Stephanie Laurens

A Secret Love


April 17, 1820

Morwellan Park, Somerset

Disaster stared her in the face.


Seated at her desk in the library of Morwellan Park, Alathea Morwellan gazed at the letter she held, barely seeing the precise script of her family's agent. The substance of the missive was burned into her brain. Its last paragraph read:

I fear, my dear, that my sentiments concur with yours. I can see no evidence that we have made any mistake.

No mistake. She'd suspected, virtually expected that that would be the case, yet…

Exhaling, Alathea laid the letter down. Her hand shook. A youthful cheer reached her, borne on the breeze wafting through the long windows. She hesitated, then stood and glided to the French windows standing open to the south lawn.

On the rolling expanse separating the terrace from the ornamental lake, her stepbrothers and stepsisters played an exuberant game of catch. Sunlight flashed on one fair head- Alathea's eldest stepbrother, Charlie, leaped high and snatched the ball from the air, denying Jeremy, only ten but always game. Despite his emerging elegance, Charlie, nineteen, was good-naturedly caught up in the game, indulging his juniors, Jeremy and Augusta, just six. Their older sisters, Mary, eighteen, and Alice, seventeen, had also joined in.

The entire household was currently in the throes of preparing to remove to London so Mary and Alice could be introduced to the ton. Nevertheless, both girls threw themselves into the game, ringlets framing innocently happy faces, the serious business of their come-outs in no way dampening their joy in simple pleasures.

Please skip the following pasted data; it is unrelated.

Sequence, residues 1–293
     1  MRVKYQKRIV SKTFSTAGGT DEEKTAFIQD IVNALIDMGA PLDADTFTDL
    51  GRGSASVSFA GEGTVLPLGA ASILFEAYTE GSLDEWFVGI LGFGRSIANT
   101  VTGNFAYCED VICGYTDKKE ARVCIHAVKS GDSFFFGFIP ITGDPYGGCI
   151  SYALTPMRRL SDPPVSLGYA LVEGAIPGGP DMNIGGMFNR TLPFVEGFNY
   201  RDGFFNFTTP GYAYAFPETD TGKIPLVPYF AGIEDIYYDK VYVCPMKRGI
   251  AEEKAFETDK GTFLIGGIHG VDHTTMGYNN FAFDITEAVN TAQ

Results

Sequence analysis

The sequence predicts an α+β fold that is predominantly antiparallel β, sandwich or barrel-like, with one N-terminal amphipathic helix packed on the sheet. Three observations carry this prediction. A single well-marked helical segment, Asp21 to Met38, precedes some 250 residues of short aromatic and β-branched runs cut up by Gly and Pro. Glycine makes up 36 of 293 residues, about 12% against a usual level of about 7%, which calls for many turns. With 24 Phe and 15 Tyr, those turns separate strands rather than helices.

A whoop from Charlie signaled a wild throw-the ball flew over all three girls and bounced toward the house. It struck the flags of the path and bounced even higher, clearing the shallow steps to land on the terrace. Two more diminishing bounces, and it tumbled over the library threshold and rolled along the polished boards. Raising her skirt, Alathea placed one foot on the ball, stilling it. She considered it, then looked out to see Mary and Alice racing, laughing and gasping, toward the terrace. Stooping, Alathea scooped up the ball; balancing it on one palm, she strolled out onto the terrace.

Mary and Alice skidded to a halt before the steps, laughing and grinning.

"Me, Allie, me!"

"No! Al-a-the-a! Sweet Allie-me!"

Alathea waited as if weighing her choice while little Augusta, left far in the rear, panted up. She stopped some yards behind the older girls and raised her angel's face to Alathea.

With a grin, Alathea lobbed the ball over the older girls' heads. Open-mouthed, they watched it soar past. With a gurgling laugh, Augusta pounced, grabbed the ball, and raced away down the slope.

Flashing Alathea conspiratorial grins, Mary called after Augusta, Alice cheered, and both set out in pursuit.

Alathea remained on the terrace, the warmth suffusing her owing nothing to the bright sunshine. A movement beneath a large oak caught her eye. Her stepmother, Serena, and her father, the earl, waved from the bench where they sat indulgently watching their children.